Wrapping Up The Martha Trial

Martha Stewart enters federal court, Monday, March, 1, 2004, in New York. (AP Photo/Louis Lanzano)
Closing arguments were to begin Monday in the Martha Stewart stock trial, though prosecutors have been forced to drop their most serious accusation against the domestic diva.

The government will use its closing argument to try to convince the jury that Stewart and her co-defendant, broker Peter Bacanovic, lied about why they sold her ImClone stock and then engaged in a cover-up, reports CBS News Correspondent Cami McCormick.

Last week, U.S. District Judge Miriam Goldman Cedarbaum tossed out the government's charge that Stewart lied to investors in her own media empire, Martha Stewart Living Omnimedia, by saying her ImClone Systems sale was proper.

Cedarbaum's action left prosecutors to try to persuade a jury of eight men and four women to convict the domestic style-setter of conspiracy, obstruction of justice and lying to investigators.

"They have to show not only that Martha Stewart lied, which is really the core of the case, but that she lied about a material fact, that she intended to obstruct justice," said CBS News Legal Analyst Wendy Murphy. "To prove those kinds of cases, you can't just say, 'hey, if you believe [key witness] Douglas Faneuil and some of the other witnesses, that Martha Stewart didn't tell the truth, that's it, the case is over.' They have to paint a more sinister package of what Martha Stewart did, that it was intent to obstruct justice and deceive the investigators."

Obstruction of justice may be difficult to prove, Murphy says, but convincing the jurors Stewart lied won't be.

"I believe they'll think she lied that she had a preexisting agreement to sell when ImClone stock hit $60 or $61," the former prosecutor said on CBS News' The Early Show.

Prosecutors were set to begin their closing arguments Monday, with the defense to follow, possibly on Tuesday. The jury probably will get the case Wednesday afternoon, reports Early Show National Correspondent Jon Frankel.

The judge's ruling allows Stewart's lawyer, Robert Morvillo, to streamline the issues in the case for the jury, said Timothy Hoeffner, a Philadelphia white-collar crime lawyer.

"It permits Morvillo to focus his closing statement on the core issues in the case — did Martha Stewart lie to the government, and did she obstruct justice?" he said.

Those charges spring from Stewart's sale of 3,928 shares of ImClone Systems stock on Dec. 27, 2001 — just before it declined sharply on a negative government report on an ImClone cancer drug.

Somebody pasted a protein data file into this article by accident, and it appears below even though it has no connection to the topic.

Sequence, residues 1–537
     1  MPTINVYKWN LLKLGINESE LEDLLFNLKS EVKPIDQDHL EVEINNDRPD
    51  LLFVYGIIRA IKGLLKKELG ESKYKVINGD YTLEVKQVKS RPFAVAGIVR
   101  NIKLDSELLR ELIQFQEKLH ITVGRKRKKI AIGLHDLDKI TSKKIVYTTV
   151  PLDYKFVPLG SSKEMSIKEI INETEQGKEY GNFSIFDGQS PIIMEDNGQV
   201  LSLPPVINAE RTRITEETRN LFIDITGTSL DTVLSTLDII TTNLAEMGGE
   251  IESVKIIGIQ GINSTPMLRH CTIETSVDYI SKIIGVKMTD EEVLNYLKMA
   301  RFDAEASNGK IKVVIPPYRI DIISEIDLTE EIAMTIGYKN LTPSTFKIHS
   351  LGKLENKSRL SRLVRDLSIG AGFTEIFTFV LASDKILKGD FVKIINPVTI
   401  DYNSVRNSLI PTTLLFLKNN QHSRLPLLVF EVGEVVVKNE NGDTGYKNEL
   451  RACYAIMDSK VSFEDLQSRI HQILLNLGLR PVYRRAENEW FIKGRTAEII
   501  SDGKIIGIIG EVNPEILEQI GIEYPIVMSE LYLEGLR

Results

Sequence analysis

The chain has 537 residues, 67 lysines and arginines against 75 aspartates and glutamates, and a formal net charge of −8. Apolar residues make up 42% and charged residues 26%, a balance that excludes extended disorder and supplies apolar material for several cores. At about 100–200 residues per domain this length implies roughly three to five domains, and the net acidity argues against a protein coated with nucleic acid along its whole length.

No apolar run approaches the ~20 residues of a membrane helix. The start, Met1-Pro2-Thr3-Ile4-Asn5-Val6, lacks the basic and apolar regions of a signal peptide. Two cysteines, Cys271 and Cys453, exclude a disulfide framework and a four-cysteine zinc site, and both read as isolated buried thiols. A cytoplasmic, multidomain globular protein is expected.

The government says Stewart and broker Peter Bacanovic lied to cover up the true reason for the sale: Bacanovic sent word to Stewart that ImClone CEO Sam Waksal was trying to sell his own shares.

Cedarbaum found there was not sufficient evidence that Stewart showed an intent to deceive investors when she issued three statements explaining the ImClone sale in June 2002. If Stewart had been convicted of that charge, she could have faced 10 years in prison, double the potential terms of any other count in the case.

But four counts remain against Stewart and five remain against Bacanovic, all somehow related to what prosecutors say was a cover-up. Legal analysts say an acquittal for either is far from certain.

Prosecutors were expected to highlight three critical pieces of testimony against Stewart:

  • Faneuil, Bacanovic's former assistant at Merrill Lynch & Co., testified Bacanovic ordered him to alert Stewart that the Waksal family was selling its shares of ImClone.

    While Stewart is not charged with insider trading, among the charges is that Stewart lied when she told the government she had no memory of being told about the Waksal sales.

  • Ann Armstrong, a longtime assistant, testified Stewart personally altered a computer log of a Dec. 27, 2001, message from Bacanovic — just days before she went in for her first interview with investigators.
  • And Mariana Pasternak, who has known Stewart for more than 20 years, said Stewart confided to her on a lush Mexican vacation that she knew in advance about the Waksal sales.

    Pasternak testified Stewart told her: "Isn't it nice to have brokers who tell you those things?" She admitted under cross-examination that the remark could have been something she thought, rather than something Stewart said.